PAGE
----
Woman sues city of Houston, claims police officer shot son for wearing hoodie

John Suayan Dec. 2, 2015, 3:33pm


The mother of a 26-year-old man who was purportedly shot and killed in early 2014 while in Houston police custody has pursued legal action against the city of Houston, RPI Management Company, LLC and patrolman Juventino Castro in the Southern District of Texas, Houston Division.

In a lawsuit filed Dec. 2, plaintiff Janet Baker accuses Castro of fatally shooting Jordan Baker at the time the decadent was riding his bicycle through a strip mall located at 5700 W. Little York Rd.

Janet Baker asserts her son “had not been committing no crimes at all,” stating Castro, who was working security at the RPI-owned shopping center, targeted him because he was “an African-American man wearing a hooded sweatshirt.”

She added the sweatshirt was removed from his body after Castro reportedly applied excessive non-deadly force on him, and he attempted to flee.

“That confrontation ended with Jordan Baker being murdered by the defendant Castro,” the suit argues. “Because of his status as a police officer, the defendant Castro has not been held accountable for his actions.”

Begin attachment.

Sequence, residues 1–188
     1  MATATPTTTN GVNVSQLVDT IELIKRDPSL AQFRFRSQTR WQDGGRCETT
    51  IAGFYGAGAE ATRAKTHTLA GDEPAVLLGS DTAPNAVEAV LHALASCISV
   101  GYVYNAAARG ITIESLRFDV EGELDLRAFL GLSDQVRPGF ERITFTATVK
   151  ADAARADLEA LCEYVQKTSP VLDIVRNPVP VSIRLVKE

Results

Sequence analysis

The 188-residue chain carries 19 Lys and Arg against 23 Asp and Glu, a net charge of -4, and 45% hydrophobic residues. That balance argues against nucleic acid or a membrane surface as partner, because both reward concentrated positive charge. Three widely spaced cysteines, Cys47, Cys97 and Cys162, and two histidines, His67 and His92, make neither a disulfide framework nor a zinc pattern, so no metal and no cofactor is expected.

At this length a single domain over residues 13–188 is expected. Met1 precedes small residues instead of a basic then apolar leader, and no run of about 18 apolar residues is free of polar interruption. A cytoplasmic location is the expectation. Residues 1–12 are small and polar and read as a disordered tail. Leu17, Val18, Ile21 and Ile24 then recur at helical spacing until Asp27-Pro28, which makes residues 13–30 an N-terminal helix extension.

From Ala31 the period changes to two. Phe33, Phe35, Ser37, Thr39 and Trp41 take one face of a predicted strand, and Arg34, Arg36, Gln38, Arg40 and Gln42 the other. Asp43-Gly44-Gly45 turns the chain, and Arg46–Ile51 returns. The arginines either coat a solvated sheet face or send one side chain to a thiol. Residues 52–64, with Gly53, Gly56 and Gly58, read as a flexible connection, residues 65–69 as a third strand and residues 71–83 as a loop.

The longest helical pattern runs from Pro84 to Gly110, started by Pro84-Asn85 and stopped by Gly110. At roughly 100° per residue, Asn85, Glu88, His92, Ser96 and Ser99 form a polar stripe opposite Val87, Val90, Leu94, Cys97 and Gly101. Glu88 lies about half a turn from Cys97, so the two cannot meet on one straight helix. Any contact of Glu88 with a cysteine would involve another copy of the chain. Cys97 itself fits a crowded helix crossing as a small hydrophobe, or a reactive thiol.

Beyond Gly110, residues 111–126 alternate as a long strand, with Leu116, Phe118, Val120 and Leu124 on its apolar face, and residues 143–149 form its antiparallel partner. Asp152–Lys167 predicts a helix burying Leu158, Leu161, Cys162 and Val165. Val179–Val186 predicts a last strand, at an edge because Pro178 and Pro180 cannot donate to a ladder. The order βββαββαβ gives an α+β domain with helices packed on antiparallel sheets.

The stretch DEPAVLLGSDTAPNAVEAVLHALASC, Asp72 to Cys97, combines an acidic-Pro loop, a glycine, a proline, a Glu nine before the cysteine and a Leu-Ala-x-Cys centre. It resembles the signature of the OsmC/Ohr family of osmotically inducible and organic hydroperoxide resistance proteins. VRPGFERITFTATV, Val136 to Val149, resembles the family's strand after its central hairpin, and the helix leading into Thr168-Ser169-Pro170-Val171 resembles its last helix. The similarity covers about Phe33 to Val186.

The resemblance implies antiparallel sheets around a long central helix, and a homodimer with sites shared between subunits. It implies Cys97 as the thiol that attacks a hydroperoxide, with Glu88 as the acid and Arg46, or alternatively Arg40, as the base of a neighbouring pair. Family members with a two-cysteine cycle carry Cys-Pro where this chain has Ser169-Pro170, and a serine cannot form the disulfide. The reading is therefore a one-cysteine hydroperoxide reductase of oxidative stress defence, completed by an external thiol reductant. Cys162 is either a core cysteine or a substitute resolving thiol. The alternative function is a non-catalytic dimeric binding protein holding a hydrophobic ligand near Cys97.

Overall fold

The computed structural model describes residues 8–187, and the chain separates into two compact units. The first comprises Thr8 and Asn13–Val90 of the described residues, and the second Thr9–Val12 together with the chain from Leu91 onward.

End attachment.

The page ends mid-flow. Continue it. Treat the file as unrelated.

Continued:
According to Janet Baker, “adding insult to injury,” the officer subsequently handcuffed her son “as he lay dying, writhing in pain, on the ground behind the mall.”

The complainant further claims Houston police and RPI did not discipline Castro, but instead retained him.

It considers Jordan Baker’s death among what it alleges to be a series of police-involved shootings between 2008 and 2012 of unarmed individuals in Houston.

“The department’s failure to train and discipline officers regarding the proper use of deadly force causes, and/or encourages the use of unconstitutional deadly force by Houston police officers,” the original petition says.

Consequently, Jordan Baker’s estate seeks unspecified monetary damages and a jury trial.

Attorneys Jon Loevy and David B. Owens of the law firm Loevy and Loevy in Chicago are representing the plaintiff.

Houston Division of the Southern District of Texas Case No. 4:15-CV-3495

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